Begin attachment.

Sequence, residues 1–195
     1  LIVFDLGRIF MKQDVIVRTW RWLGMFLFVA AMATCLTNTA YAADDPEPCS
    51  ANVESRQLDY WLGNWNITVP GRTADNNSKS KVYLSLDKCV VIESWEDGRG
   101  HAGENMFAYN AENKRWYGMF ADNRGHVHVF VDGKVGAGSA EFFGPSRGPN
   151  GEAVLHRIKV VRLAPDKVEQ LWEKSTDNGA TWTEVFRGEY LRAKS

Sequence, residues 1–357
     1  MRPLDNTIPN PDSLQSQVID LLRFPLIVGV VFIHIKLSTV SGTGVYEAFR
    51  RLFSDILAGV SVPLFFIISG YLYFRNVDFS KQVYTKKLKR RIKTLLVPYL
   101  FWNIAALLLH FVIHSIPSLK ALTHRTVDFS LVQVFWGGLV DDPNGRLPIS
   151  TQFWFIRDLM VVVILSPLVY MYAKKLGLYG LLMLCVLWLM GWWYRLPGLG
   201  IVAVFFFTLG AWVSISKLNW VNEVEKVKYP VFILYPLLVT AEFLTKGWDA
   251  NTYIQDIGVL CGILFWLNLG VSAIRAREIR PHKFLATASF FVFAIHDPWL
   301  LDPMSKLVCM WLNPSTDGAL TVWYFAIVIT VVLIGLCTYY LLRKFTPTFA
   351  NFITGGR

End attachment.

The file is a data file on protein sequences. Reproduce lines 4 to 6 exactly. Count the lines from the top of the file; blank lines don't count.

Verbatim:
   101  HAGENMFAYN AENKRWYGMF ADNRGHVHVF VDGKVGAGSA EFFGPSRGPN
   151  GEAVLHRIKV VRLAPDKVEQ LWEKSTDNGA TWTEVFRGEY LRAKS

Sequence, residues 1–357